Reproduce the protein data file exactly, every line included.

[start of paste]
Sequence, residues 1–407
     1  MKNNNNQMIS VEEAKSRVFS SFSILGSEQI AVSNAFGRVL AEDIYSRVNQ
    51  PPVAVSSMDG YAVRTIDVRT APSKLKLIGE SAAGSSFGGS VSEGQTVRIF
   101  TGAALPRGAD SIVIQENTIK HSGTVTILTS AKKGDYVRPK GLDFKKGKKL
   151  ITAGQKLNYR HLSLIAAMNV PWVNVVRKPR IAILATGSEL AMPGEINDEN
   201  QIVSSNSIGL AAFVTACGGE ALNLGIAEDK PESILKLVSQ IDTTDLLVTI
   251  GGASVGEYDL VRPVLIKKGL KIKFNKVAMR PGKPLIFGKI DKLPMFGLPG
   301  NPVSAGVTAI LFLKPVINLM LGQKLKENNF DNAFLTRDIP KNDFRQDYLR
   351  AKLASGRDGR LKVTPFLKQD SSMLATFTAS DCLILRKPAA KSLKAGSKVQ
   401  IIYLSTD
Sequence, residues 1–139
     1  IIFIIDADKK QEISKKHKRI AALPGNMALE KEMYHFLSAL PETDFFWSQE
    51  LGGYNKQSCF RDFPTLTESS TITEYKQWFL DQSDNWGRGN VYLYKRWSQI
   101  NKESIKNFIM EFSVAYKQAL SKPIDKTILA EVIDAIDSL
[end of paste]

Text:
Sequence, residues 1–407
     1  MKNNNNQMIS VEEAKSRVFS SFSILGSEQI AVSNAFGRVL AEDIYSRVNQ
    51  PPVAVSSMDG YAVRTIDVRT APSKLKLIGE SAAGSSFGGS VSEGQTVRIF
   101  TGAALPRGAD SIVIQENTIK HSGTVTILTS AKKGDYVRPK GLDFKKGKKL
   151  ITAGQKLNYR HLSLIAAMNV PWVNVVRKPR IAILATGSEL AMPGEINDEN
   201  QIVSSNSIGL AAFVTACGGE ALNLGIAEDK PESILKLVSQ IDTTDLLVTI
   251  GGASVGEYDL VRPVLIKKGL KIKFNKVAMR PGKPLIFGKI DKLPMFGLPG
   301  NPVSAGVTAI LFLKPVINLM LGQKLKENNF DNAFLTRDIP KNDFRQDYLR
   351  AKLASGRDGR LKVTPFLKQD SSMLATFTAS DCLILRKPAA KSLKAGSKVQ
   401  IIYLSTD
Sequence, residues 1–139
     1  IIFIIDADKK QEISKKHKRI AALPGNMALE KEMYHFLSAL PETDFFWSQE
    51  LGGYNKQSCF RDFPTLTESS TITEYKQWFL DQSDNWGRGN VYLYKRWSQI
   101  NKESIKNFIM EFSVAYKQAL SKPIDKTILA EVIDAIDSL